The next policy that Baybar made to attract the sympathy of the people was to revive the existence of the Sunni school of thought in Egypt. This is done by Baybar with the consideration that the majority of the population of Egypt is a Sunni sect, while the government must get the support of its people.
After Baybar died, the most famous leader of the Mamluk dynasty was al-Malik al-Mansur Sayf al-Din Qallawun (1279-1290). Like his predecessors, he was a slave from Turkey, to be precise from Qipcaq. The young Qallawun was then taken to Egypt, and sold to al-Salih. He secured the throne by eliminating his rival, Salamisy (1279) the seven-year-old son of Baybar, who succeeded his brother Barakah (1277-1279), an avid nineteen-year-old. Qallawun was the only Mamluk ruler whose descendants continued into the fourth generation. The last Bahri, al-Salih Hajji was his great-grandson.
Shortly after Qallawun established himself as ruler of Egypt, Il-Khan the Mongol of Persia began to threaten his territory in Syria. Among the Mongol rulers, Abaqa (1265-1281) son of Hulagu and his successors, as well as his son Arghun (1284-1291), sided with the Christians and engaged in negotiations with the Pope, and several other European aristocrats who urged a new crusade intending to remove Egypt from Syria.
Qallawun defeated Abawa at the Battle of Emessa in 1280, although Abawa was supported by a large army and additional troops from Armenians, Franks, and Georgians. Not long after that, the Mongols converted to Islam. The sultan strengthened bilateral relations with the Golden Horde, the Byzantine Emperor, the Republic of Genoa, the king of France, Castile, and Sicily.
Qallawun’s policies were, among other things, when they attacked Minor Armenia because they helped the Mongols, and the Crusaders’ castles were destroyed. Tripoli, once burned down, was rebuilt a few years later. At the end of his reign, Qallawun issued an order to fire Christians from all his government offices.
In his time of rapid development, he renovated fortifications. In Cairo, he built a hospital, which is connected to a mosque school, as well as a large royal grave complex with beautiful Arabesque art. Qallawun also built several hospitals, including a Muslim hospital that still exists today. The Sultan got the inspiration to build it while lying down with a stomach ache at the Nuri Hospital in Damascus. It was then that he determined to establish a hospital in Cairo.
The Decline and Fall of the Mamluk Dynasty
After the Baybar and Qallawun eras, there were no more sultan figures like them, so the condition of the Mamluk dynasty became worse and peaked when Egypt became an Ottoman territory, after the Ottoman sultan Salim succeeded in defeating Tuman Bay (the last sultan of the Mamluks) in the battle of 22 June 1517 AD. In this section, we will discuss the factors that caused the decline and collapse of the Mamluk dynasty, here the author divides the factors of the collapse into four.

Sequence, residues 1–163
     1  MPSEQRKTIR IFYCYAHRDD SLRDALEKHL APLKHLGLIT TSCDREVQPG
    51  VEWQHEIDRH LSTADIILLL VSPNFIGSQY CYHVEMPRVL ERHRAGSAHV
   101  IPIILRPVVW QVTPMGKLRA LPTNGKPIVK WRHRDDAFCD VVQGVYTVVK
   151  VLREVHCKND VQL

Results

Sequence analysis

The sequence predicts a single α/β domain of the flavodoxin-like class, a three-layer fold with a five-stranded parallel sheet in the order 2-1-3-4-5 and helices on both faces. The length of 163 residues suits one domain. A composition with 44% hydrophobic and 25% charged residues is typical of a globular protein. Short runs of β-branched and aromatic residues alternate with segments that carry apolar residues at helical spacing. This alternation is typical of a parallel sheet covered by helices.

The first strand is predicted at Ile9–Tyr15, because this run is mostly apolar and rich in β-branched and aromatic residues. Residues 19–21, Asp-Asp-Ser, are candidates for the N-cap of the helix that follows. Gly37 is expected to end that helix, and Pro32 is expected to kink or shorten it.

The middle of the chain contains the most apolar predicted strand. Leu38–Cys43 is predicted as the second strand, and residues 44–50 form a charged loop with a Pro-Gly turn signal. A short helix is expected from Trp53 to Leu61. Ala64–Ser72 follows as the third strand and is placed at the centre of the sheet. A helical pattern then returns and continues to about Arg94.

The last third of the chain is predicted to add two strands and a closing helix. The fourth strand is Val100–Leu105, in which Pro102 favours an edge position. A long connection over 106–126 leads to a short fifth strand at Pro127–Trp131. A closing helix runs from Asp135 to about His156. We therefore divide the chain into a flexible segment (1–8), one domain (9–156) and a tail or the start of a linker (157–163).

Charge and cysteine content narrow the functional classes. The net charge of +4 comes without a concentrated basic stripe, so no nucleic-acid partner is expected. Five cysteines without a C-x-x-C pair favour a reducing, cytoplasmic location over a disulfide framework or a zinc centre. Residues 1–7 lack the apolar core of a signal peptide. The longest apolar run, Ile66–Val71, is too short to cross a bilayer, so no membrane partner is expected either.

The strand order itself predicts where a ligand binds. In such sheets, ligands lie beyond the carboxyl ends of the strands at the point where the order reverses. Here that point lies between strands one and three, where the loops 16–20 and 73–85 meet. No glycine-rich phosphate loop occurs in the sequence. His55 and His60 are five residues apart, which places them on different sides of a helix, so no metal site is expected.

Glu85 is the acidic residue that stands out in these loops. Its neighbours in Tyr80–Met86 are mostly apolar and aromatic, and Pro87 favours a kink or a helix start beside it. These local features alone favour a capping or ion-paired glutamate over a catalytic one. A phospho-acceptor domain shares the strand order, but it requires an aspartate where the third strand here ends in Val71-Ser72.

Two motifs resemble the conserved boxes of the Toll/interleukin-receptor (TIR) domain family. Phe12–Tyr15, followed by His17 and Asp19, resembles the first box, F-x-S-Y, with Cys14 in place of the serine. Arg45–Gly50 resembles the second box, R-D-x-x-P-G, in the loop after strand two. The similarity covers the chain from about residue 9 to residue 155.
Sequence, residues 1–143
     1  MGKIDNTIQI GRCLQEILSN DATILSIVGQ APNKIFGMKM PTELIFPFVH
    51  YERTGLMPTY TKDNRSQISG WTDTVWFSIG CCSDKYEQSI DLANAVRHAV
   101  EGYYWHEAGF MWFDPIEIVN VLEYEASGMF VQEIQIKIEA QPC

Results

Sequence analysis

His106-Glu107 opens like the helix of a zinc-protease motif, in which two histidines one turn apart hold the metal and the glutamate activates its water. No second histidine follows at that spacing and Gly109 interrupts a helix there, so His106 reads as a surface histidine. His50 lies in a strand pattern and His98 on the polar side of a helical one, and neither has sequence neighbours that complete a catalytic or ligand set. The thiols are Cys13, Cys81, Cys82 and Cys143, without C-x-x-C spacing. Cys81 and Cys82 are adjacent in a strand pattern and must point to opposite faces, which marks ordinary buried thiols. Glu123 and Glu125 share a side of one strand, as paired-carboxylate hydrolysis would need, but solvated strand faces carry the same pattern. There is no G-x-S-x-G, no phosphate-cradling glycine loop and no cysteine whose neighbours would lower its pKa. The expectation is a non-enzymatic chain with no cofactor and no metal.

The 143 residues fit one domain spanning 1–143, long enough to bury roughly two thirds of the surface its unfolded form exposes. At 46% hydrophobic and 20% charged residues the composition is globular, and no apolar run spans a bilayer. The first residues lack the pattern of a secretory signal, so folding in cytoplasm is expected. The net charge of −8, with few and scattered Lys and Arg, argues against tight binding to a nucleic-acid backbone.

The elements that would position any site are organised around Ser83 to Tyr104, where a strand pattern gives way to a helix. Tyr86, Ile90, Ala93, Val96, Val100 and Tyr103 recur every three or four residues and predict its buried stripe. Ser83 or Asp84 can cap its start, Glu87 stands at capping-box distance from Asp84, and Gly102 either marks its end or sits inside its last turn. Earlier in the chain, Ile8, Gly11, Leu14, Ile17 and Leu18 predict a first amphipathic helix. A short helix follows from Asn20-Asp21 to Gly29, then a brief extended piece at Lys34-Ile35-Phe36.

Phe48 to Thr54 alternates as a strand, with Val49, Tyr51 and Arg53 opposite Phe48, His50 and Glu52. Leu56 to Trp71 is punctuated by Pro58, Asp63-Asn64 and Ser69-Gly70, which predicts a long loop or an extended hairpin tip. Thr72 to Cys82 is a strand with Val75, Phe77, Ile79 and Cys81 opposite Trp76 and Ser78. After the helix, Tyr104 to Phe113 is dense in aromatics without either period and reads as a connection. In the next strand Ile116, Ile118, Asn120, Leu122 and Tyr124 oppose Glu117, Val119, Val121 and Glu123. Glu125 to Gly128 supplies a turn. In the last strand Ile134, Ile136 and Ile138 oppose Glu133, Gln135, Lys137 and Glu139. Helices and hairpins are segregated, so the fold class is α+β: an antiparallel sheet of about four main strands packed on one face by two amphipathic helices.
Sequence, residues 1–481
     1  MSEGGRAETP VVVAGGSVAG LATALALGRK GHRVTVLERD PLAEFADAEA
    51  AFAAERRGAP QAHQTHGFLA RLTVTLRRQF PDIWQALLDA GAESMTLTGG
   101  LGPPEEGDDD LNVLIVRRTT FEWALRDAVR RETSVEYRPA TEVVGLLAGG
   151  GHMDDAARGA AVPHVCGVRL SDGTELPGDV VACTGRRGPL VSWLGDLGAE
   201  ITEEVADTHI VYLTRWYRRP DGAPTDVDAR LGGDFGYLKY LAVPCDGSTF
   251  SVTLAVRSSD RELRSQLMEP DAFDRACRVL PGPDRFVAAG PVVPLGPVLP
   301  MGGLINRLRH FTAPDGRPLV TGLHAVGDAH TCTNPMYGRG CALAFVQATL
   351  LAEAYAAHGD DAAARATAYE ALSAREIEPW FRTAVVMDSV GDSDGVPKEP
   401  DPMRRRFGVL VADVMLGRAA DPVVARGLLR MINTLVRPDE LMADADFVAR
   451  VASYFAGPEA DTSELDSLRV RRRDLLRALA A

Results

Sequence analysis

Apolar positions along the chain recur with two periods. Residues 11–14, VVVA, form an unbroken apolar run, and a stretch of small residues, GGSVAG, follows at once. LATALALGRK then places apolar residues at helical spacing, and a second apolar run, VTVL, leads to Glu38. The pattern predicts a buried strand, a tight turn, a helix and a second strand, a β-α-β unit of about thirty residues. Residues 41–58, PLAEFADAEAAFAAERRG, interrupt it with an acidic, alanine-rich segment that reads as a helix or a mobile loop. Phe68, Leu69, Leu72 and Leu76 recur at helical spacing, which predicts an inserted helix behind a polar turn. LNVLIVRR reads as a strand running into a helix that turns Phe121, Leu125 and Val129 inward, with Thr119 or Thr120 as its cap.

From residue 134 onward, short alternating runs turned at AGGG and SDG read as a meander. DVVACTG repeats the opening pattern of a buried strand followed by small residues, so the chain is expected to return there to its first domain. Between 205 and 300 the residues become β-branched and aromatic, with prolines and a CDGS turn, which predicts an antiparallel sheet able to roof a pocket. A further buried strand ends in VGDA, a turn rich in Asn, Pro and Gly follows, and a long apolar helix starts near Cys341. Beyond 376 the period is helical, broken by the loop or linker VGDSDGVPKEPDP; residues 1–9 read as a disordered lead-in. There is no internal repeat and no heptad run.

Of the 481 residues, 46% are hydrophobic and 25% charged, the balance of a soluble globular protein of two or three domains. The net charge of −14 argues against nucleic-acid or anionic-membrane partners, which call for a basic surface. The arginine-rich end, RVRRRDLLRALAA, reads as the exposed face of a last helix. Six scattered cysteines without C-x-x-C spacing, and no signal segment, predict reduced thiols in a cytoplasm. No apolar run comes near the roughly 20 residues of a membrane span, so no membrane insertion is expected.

The internal political conflict that previously occurred in the Ayyubid family, re-occurred in the reign of the Mamluk dynasty. We can see the conflict in two different periods. First, the conflict during the early formation of the sultanate led to the deaths of Aybak, Syajarah al-Durr, and Qutuz. This conflict was only at the level of the Mamluk leadership, it did not affect the bottom line. It is precisely the conflict at this time as an introduction to the integration process.
Second, the conflict over the power struggle during the Mamluk Burji era, the competition for the position of the sultan in the Mamluk Burji circles was tougher and crueler than during the Mamluk Bahri era. The killing of the sultan terahadao to replace his position became a common thing so that at that time many sultans died unnaturally. It was this second conflict that led the Mamluk sultanate to its demise.
The emergence of a culture of luxury and hedonistic living.
In 1390 AD, the rule of the Bahri Mamluks ended. Since this period, the position of the sultan no longer represents an institution that guarantees the continuity of government, but a place of pleasure and luxury up for grabs. The use of state money for the luxury of the sultan that An-Nasir started with was much worse at the hands of the Burji Mamluks. To fulfill the wishes of the sultan, taxes to the people and merchants were increased. This attitude of the sultan diminished the authority of the sultan in the eyes of the emirs, thus eliminating his ability to control the region.
Corrupt Morality of Rulers and Weak Control of Religious Education
The education that the Ayyubid dynasty gave to the Bahri Mamluks was different from what the Bahri Mamluks did to the Burji Mamluks. When Mamluk Bahri was educated in Rawdah, in addition to physical military training, religious education was not left behind, it was even basic. The Burji Mamluks received little religious education. Therefore, it is not surprising that the rulers of the Mamluk Burji were demoralized. For example, Barsbay does not know Arabic letters, Muayyad Shah is drunk, Inal cannot read and write, and Yalbay is insane.
The emergence of the Ottoman Turks
External threats further endangered the Mamluk dynasty. This threat was not from the Mongols under the leadership of Timur Lenk. But this threat came from the Ottoman Turks, the extraordinary progress of the Ottomans made them the biggest threat to the Mamluk dynasty.
The conflict between the two dynasties began to heat up during the reign of Qait Bay and Bayazid II. The discovery of firearms in Europe helped the Ottomans in their battle against the Mamluks. The Mamluks considered the use of such weapons to reduce self-esteem. The old style of war skills was still their pride. Therefore, firearms were only given to the lowest military class consisting of Negroes whose loyalty was doubtful.
The peak of the conflict between the two dynasties took place on June 22, 1517 AD, namely the war between Tuman Bay and Sultan Salim which took place outside the city of Cairo. Mamluk d defeat This world of war at the same time ended the history of the dynasty.